SAP’s Ariba Acquisition: Right Move?

Cloud collaboration and data analytics means a company can determine with blazing-fast speed *why* they screwed up your shipping order.

When SAP announced the purchase of cloud-networking vendor Ariba for $4.3 billion, it was widely perceived as an aggressive lunge by the enterprise IT firm for a bigger chunk of the cloud market.

Ariba’s network involves thousands of companies and facilitates billions of dollars in commerce transactions and collaborations. SAP will bind its data-analytics applications to the network’s relationship and transaction information, allowing trading partners to gain more real-time insights into their interactions—and that’s just the beginning of SAP’s plans for the property.

The sheer size of the deal made it an instant talking point among analysts and pundits. But was SAP’s money well spent?

According to some analysts: no.

“I’m not convinced that this acquisition makes strategic sense,” Andrew Bartels, an analyst with Forrester, wrote in a May 23 corporate blog posting. “Reason one: the tremendous duplication of products between the two firms, and thus the problems of product rationalization and internal competition.”

He added that SAP’s strategic sourcing, spend analysis, SRPM, and CLM products are available in both Software-as-a-Service (SaaS) and on-premises flavors—just like Ariba’s offerings: “The only unique products that Ariba brings are its eInvoicing product (SAP has been reselling OpenText) and its SaaS version of eProcurement and services procurement.”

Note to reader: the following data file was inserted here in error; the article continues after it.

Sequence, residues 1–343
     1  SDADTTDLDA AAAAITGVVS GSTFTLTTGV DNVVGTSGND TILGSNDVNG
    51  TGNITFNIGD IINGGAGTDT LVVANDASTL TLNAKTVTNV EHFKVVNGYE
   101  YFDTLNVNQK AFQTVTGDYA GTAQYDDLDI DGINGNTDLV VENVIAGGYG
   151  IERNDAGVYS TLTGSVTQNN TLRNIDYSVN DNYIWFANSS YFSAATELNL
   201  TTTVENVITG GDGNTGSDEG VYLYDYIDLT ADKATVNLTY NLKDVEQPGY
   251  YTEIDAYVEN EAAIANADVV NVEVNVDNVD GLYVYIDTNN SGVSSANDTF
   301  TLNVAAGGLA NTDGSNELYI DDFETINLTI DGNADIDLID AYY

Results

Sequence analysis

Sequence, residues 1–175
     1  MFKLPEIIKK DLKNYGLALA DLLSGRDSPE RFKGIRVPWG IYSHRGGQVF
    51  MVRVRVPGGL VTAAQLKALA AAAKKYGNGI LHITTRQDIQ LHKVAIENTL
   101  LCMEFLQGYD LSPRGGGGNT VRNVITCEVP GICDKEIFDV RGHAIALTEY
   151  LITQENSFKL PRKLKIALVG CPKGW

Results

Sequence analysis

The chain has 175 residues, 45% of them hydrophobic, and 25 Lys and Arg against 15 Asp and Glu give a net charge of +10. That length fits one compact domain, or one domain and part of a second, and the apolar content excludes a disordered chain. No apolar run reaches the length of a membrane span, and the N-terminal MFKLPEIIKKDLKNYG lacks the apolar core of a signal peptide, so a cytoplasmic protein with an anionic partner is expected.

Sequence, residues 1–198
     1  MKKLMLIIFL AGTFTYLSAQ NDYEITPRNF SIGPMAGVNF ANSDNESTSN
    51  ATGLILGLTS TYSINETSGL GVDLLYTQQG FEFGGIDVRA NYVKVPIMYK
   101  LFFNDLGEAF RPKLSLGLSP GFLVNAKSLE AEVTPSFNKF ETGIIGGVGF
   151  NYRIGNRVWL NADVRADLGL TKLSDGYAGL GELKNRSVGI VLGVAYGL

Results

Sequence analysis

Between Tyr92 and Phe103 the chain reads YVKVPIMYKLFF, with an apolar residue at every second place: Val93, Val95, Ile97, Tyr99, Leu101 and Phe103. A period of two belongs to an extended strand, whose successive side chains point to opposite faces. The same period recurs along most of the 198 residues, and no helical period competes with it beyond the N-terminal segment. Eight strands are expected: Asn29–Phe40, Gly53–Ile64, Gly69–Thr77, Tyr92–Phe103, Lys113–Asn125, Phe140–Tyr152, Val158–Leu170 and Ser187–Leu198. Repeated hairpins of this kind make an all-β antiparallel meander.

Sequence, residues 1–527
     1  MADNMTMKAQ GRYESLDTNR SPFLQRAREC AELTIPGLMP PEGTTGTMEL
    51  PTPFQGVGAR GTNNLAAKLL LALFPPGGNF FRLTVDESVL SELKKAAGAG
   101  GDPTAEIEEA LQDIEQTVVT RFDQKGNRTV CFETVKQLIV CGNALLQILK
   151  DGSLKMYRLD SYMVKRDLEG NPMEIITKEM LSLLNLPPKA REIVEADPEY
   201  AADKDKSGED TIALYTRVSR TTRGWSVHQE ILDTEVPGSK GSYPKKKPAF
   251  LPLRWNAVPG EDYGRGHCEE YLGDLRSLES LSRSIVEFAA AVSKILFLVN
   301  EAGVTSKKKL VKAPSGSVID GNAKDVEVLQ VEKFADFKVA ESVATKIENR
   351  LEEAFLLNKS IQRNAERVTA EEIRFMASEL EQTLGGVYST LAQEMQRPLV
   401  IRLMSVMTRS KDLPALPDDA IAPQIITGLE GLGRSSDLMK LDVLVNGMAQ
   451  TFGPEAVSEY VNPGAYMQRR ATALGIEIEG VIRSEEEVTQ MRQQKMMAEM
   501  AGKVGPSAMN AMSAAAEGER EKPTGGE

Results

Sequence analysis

The second reason, he wrote, is Ariba’s “idiosyncratic pricing model” and its supposed inability to “generate the kinds of revenues that SAP is expecting.” The duplications among the respective companies’ product portfolios will also make monetization a challenge.

All that being said (and it’s actually quite a lot; his blog posting tackles the deal’s synergies—or lack thereof—in pretty extensive detail), he does see some upside for the deal, including the potential for SAP to increase the percentage of its revenues derived from SaaS subscriptions. “The combination of Ariba and SAP,” he added, “has the potential to add new products and services that they can sell to both buyers (e.g., supply chain planning and coordination) and suppliers (e.g., CRM and eCommerce services).”

Other analysts viewed the acquisition in a much more positive light. “I’d say apart from the high price, it’s actually a good acquisition for SAP,” Roger Kay, principal analyst for Endpoint Technologies Associates, wrote in an email. “Ariba is a solid business in its own right and gives SAP access to cloud computing technologies that it couldn’t replicate internally.”

Even if the two companies’ abilities and offerings aren’t totally in-sync, he added, “Ariba can be operated as a successful separate entity. But those cloud assets don’t come cheap these days.”

Whatever the analyst opinions, the market will ultimately decide whether SAP made a smart move.

 

Image: Semisatch/Shutterstock.com

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